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Holiday Advertising Guidelines for Retailers

Content provided by the Better Business Bureau
During the coming weeks, many businesses will advertise "specials" and "sales" to attract holiday shoppers. Although most ads are truthful and provide helpful information to customers, occasionally some stores will run misleading or deceptive advertising. The Better Business Bureau offers the following checklist for business owners and managers to make certain their advertisements adhere to BBB standards and the spirit of the holidays!
  • Are you making an impossible promise? To advertise that you offer the "lowest price in town" implies that you are constantly checking the price of every competitor every day.
  • When using the term "guarantee" you should include a statement that advises shoppers where to obtain complete details (at your store? on your Web site?).
  • A "sale" is defined as a significant reduction from the advertiser’s usual and customary price of the merchandise. Also, if the "sale" price is offered for more than 30 days, this becomes a regular price and the item should not be advertised as if it were "on sale."
  • If you advertise that you will "meet all competitors’ prices," make sure the terms are clear and easy to follow. If you create too many conditions, the claim becomes worthless and you could alienate your customers.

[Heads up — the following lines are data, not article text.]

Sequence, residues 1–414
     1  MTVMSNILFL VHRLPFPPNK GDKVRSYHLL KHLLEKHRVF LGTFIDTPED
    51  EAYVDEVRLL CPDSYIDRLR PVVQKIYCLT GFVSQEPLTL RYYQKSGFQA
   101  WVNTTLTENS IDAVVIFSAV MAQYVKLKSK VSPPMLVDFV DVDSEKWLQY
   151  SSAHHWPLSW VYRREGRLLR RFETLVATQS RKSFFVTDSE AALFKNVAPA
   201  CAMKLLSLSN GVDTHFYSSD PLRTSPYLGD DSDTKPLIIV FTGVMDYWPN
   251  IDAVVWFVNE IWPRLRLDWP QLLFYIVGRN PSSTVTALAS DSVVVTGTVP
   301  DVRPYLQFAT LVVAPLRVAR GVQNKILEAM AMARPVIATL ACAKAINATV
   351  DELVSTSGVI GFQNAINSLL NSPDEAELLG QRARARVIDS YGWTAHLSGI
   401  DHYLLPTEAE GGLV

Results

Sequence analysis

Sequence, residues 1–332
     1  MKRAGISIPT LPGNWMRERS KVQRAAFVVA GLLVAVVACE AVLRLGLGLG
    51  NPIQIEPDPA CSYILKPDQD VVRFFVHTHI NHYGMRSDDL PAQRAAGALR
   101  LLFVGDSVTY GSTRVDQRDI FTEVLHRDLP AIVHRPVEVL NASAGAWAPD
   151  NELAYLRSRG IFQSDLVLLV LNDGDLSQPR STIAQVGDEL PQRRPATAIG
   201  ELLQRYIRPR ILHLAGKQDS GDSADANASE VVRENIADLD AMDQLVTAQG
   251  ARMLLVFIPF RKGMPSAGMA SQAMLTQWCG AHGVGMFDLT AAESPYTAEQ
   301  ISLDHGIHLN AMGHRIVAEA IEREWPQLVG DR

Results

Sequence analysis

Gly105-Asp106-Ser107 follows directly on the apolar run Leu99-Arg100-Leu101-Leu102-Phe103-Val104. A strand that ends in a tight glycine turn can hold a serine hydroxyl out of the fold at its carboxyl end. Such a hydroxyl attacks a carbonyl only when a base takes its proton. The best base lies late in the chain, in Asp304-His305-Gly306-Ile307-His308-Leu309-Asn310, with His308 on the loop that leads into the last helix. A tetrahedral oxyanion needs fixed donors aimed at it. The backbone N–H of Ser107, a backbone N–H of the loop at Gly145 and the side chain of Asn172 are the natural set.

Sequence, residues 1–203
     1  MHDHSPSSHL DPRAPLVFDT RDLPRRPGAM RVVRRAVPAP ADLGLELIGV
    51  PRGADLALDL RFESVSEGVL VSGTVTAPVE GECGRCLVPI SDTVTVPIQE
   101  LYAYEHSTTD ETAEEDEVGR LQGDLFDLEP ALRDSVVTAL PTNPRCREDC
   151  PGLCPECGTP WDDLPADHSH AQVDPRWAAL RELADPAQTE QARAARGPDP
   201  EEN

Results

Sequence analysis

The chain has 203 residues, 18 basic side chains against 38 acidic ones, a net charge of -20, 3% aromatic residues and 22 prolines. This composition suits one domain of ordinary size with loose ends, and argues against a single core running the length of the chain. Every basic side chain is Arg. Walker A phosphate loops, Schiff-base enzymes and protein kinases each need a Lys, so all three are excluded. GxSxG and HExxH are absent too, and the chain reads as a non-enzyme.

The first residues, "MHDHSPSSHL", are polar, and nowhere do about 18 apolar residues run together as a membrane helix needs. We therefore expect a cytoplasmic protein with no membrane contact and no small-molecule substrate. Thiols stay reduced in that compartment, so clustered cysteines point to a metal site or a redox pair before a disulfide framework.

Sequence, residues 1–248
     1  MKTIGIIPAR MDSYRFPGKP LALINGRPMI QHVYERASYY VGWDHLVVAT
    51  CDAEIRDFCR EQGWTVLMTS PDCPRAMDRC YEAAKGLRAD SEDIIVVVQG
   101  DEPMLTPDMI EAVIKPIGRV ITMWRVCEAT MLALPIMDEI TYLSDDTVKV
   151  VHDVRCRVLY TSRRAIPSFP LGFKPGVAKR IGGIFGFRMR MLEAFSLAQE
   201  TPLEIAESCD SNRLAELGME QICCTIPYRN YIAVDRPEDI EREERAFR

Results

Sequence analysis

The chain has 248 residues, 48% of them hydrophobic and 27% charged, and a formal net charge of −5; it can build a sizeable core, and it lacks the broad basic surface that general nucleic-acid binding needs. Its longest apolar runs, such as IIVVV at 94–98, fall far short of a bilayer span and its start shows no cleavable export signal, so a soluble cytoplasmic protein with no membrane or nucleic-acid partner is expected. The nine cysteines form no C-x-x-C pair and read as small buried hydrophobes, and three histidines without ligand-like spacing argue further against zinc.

• Do not participate in "bait and switch" tactics, which involve advertising a low-priced item to bring in customers, then persuading them to buy similar, but higher-priced items.
  • "Factory direct," "factory to you," and "factory outlet" claims are considered accurate only if the merchandise is actually manufactured in factories owned or controlled by the advertiser.
  • Do not advertise "wholesale" prices unless the prices are the same as what you the retailers paid when you bought the merchandise for resale.
  • Is your advertising easy to understand without asterisks and fine print? Asterisks should not be used as a means of contradicting or substantially changing the meaning of an advertising statement.
  • Do you believe your own comparative pricing claims? You should be able to substantiate all claims made in the ad.
  • Finally, make certain you have adequate supplies of merchandise on hand to meet expected demand.
The primary responsibility for truthful and non-deceptive advertising rests with you, the advertiser. For more information, refer to the BBB's Code of Advertising, available online at www.bbb.org/membership/codeofad.asp. Internet retailers may also want to consult the BBB Code of Online Business Practices at www.bbbonline.org/reliability/code/code.asp.
Content copyrighted by the Better Business Bureau
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